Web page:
Israel, Ukraine and the mysterious case of Dirar Abu Sisi
Palestinian engineer Dirar Abu Sisi vanished from a train in Ukraine earlier this year. He turned up in an Israeli prison nine days later, but is he really the brains behind Hamas' missile programme, as Israel claims?
On the evening of 18 February, a Palestinian engineer boarded a train in the eastern Ukrainian city of Kharkov.
Dirar Abu Sisi was the manager of Gaza's main electricity power plant. He hoped to obtain Ukrainian citizenship, and was travelling on the overnight sleeper to Kiev.
He spoke to a friend on the telephone just as the train was pulling out of the station. All was well, he said, he was settling into his bunk for the night.
But when the train arrived in Kiev the following morning, he was nowhere to be seen. Somewhere along the line, Dirar Abu Sisi had vanished.'Agents, Secret Service'
"It was strange," said Andrei Makarenko, a young Ukrainian who shared a compartment with Mr Abu Sisi on the train.
Shortly after leaving Kharkov, Mr Makarenko says, three men entered the compartment.
They wore plain clothes. One showed an ID badge claiming to be from the Ukrainian Security Service. They checked Mr Abu Sisi's documents and took him away.
"It was like in a film, like in a book: agents, secret service," Mr Makarenko says. It was the last he or anyone else saw or heard of Dirar Abu Sisi for more than a week.
Nine days later Mr Abu Sisi's Ukrainian wife, Veronika, received a phone call. It was Mr Abu Sisi. He was in prison, in Israel.
End Quote Yossi Melman Ha'aretz newspaper
"Dirar Abu Sisi is not that important. It's a mystery. I think he was chosen because he was an easy target. It's as simple as that”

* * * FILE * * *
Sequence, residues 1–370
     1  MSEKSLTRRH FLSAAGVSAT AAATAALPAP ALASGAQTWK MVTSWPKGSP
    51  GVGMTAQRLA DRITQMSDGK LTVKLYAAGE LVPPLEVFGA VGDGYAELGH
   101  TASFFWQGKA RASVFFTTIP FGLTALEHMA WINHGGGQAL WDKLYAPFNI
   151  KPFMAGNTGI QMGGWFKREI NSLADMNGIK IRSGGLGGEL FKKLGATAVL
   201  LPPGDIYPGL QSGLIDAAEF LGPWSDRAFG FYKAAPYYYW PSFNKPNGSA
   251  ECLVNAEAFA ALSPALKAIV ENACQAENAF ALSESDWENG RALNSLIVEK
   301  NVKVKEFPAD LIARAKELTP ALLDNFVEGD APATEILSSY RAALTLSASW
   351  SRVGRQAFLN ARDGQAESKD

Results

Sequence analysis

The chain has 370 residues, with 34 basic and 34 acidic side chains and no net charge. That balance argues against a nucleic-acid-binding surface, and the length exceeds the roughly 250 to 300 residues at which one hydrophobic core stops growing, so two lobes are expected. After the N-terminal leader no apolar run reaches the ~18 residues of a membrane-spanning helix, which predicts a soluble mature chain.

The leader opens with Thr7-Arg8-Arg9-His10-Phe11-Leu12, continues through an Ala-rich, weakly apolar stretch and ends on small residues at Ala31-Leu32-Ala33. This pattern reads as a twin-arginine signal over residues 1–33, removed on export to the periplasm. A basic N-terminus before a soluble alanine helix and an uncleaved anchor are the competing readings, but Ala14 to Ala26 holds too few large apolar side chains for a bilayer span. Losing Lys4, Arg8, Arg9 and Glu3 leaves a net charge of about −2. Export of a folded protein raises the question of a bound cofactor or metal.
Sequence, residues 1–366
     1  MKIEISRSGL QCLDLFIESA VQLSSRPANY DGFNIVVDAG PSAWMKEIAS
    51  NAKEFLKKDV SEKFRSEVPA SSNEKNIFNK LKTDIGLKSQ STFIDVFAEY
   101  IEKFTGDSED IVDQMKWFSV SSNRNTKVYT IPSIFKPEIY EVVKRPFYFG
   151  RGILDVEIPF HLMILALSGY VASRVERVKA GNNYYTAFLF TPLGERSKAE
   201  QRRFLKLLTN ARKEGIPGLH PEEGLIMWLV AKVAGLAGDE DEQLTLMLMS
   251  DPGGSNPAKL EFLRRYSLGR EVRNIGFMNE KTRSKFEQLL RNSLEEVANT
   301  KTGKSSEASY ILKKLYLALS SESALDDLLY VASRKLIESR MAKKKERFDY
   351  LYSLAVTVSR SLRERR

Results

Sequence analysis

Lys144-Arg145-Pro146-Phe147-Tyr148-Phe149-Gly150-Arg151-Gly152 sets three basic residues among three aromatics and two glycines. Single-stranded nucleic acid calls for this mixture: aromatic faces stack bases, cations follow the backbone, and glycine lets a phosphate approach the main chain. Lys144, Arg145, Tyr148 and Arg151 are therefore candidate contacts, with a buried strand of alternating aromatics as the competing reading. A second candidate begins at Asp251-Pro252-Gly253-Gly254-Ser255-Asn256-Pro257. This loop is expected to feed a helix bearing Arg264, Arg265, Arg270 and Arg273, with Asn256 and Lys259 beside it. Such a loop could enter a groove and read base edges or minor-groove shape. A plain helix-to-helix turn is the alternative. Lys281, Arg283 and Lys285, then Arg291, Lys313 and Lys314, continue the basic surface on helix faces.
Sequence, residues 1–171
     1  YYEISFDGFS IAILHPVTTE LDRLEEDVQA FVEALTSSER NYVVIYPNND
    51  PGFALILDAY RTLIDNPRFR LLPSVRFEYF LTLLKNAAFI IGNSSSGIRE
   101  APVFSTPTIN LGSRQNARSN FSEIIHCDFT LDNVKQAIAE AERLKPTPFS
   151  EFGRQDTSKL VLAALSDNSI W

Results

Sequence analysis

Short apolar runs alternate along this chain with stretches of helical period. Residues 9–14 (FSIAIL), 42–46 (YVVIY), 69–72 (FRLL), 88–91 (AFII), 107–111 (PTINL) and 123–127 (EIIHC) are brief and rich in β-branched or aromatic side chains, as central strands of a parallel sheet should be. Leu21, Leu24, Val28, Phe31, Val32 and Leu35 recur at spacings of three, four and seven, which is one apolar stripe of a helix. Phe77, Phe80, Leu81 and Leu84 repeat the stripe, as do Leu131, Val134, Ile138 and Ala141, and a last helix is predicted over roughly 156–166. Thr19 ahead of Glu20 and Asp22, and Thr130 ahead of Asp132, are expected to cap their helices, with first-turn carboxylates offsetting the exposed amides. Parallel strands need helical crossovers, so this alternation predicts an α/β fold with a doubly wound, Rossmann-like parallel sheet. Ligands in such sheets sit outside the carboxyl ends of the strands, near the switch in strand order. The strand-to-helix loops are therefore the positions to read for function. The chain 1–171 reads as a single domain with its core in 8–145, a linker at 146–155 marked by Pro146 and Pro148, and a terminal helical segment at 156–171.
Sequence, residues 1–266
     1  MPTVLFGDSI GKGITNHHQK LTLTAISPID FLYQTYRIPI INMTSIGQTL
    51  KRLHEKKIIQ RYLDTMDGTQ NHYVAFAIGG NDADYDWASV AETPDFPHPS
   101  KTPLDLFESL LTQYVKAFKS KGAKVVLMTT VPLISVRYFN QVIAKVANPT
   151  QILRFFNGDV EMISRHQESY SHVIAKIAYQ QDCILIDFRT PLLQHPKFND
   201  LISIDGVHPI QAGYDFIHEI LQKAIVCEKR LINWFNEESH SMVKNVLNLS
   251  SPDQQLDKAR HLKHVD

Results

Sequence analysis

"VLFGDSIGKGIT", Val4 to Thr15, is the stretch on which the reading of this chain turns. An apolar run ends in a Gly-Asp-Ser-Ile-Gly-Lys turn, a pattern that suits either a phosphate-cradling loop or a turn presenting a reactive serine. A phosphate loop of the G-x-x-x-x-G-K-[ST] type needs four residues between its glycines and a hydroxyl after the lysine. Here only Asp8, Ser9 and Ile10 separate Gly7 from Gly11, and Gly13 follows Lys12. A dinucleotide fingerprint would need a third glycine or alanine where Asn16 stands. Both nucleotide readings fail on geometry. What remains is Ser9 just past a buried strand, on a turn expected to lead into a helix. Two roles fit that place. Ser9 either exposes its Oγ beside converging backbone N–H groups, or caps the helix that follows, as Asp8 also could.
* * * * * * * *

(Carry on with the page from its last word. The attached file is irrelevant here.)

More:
It took several weeks for the Israeli authorities to issue an indictment.
When they did, it accused Dirar Abu Sisi of hundreds of counts of attempted murder, and of being the brains behind a missile programme run by Hamas, the Islamist movement that controls Gaza.
The Israeli court has since released partial transcripts of Mr Abu Sisi's interrogation sessions, in which he apparently admits to helping Hamas increase the range and accuracy of their rockets, as well as helping the movement set up and run a military academy.
His lawyers, and his wife, say he has nothing to do with Hamas, and knows nothing about rocket technology.
They say Mr Abu Sisi's confessions were obtained under duress while in Israeli custody, and are meaningless.
The Israeli government has refused to comment on the case.
But according to the indictment Mr Abu Sisi acquired his skills as a rocket scientist while studying in Ukraine in the 1990s, in the city of Kharkov.
Mr Abu Sisi did indeed study in Kharkov during that period.
That is where he met his wife Veronika. But at the National Academy for the Municipal Economy, where he studied for his PhD, staff said the curriculum was exclusively concerned with civil engineering.
There were military educational facilities in Kharkov at that time, but the Ukrainian ministry of education says it can find no record of a Mr Abu Sisi having attended any of them.Link to captured solider
Indeed, in the Israeli transcripts of the interrogation, Mr Abu Sisi is quoted as saying he only visited the military academy on four occasions, for a couple of hours at a time: hardly enough for a rocket scientist.
In Gaza, Ghazi Hamad, a spokesman for Hamas, was cautious in his defence of the engineer.
"According to his family, he was not involved in any military actions," he said.